Electoral Responsiveness, Legislative Institutions, and Government Policy in Parliamentary Democracies

46 Pages Posted: 16 Dec 2015

See all articles by Lanny W. Martin

Lanny W. Martin

Rice University - Department of Political Science

Georg Vanberg

Duke University - Department of Political Science

Date Written: December 15, 2015

Abstract

A central normative claim in favor of liberal democracy is that it promotes the continuing responsiveness of the government to the preferences of its citizens. In most of the world's democracies, however, governments are composed of multiple political parties, making the connection between policy and citizen preferences tenuous. This raises a critical question: Whose preferences are ultimately reflected in coalition policy choices? Recent theoretical developments argue that party influence in coalition governments critically depends on the institutional context in which these governments operate. In the presence of institutions that allow credible enforcement of policy bargains, coalition policy should reflect a compromise among the positions of the governing parties. In the absence of such institutions, parties that control relevant portfolios should dominate policy choices. Significantly, however, current empirical work does not provide direct evidence of the manner in which institutions condition the impact of party preferences on policy outcomes. In this study, we close this gap by providing systematic cross-national evidence that the strength of legislative institutions significantly impacts which parties are effective in shaping policy. These findings have important implications for our understanding of coalition governance, electoral responsiveness, and democratic representation.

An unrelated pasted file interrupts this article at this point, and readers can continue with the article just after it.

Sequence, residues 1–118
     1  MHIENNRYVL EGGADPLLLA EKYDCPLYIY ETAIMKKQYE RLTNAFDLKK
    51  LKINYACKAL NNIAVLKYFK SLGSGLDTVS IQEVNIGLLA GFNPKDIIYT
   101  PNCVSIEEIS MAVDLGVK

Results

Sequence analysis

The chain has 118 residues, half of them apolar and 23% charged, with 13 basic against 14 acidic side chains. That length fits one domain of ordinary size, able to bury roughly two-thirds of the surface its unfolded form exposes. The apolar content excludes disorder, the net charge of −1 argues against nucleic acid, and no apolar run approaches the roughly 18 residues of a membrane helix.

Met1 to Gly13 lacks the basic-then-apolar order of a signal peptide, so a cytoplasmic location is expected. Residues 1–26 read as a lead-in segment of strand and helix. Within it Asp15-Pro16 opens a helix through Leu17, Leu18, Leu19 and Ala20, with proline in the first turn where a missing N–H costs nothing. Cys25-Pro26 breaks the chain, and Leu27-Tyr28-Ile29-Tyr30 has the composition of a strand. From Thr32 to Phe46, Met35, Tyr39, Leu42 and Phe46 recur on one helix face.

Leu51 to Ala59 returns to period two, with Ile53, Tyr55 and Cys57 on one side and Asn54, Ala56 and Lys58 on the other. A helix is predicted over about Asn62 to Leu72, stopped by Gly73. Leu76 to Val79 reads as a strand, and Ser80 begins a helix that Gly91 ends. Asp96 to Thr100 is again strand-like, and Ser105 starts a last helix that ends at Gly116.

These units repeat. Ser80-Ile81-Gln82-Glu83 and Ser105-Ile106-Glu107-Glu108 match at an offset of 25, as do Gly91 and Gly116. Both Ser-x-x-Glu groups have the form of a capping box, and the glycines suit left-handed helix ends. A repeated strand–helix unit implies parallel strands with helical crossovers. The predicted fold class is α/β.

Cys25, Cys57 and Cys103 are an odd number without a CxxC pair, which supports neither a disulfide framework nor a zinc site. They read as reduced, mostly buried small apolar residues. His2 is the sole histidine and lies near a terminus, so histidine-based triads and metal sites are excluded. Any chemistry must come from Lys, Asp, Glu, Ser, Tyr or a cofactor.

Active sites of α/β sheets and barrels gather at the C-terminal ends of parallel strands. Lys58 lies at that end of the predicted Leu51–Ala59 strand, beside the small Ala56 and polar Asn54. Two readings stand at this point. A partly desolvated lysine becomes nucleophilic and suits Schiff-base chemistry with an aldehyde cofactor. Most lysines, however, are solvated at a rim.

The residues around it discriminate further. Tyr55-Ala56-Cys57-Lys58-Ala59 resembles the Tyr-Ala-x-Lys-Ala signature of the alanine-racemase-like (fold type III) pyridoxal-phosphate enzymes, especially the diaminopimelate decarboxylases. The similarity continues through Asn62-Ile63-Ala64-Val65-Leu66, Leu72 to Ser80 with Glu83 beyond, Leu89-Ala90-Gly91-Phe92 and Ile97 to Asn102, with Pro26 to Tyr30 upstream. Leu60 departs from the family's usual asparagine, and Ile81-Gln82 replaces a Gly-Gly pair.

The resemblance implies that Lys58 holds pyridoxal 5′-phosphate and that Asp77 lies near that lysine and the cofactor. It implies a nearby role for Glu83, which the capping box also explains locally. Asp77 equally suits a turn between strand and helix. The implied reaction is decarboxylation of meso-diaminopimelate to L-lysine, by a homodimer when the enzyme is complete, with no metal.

Suggested Citation

Martin, Lanny W. and Vanberg, Georg, Electoral Responsiveness, Legislative Institutions, and Government Policy in Parliamentary Democracies (December 15, 2015). Available at SSRN: https://ssrn.com/abstract=2704040 or http://dx.doi.org/10.2139/ssrn.2704040

Lanny W. Martin (Contact Author)

Rice University - Department of Political Science ( email )

Houston, TX 77005-1892
United States

Georg Vanberg

Duke University - Department of Political Science ( email )

140 Science Drive (Gross Hall), 2nd floor
Duke University Mailcode: 90204
Durham, NC 27708-0204
United States

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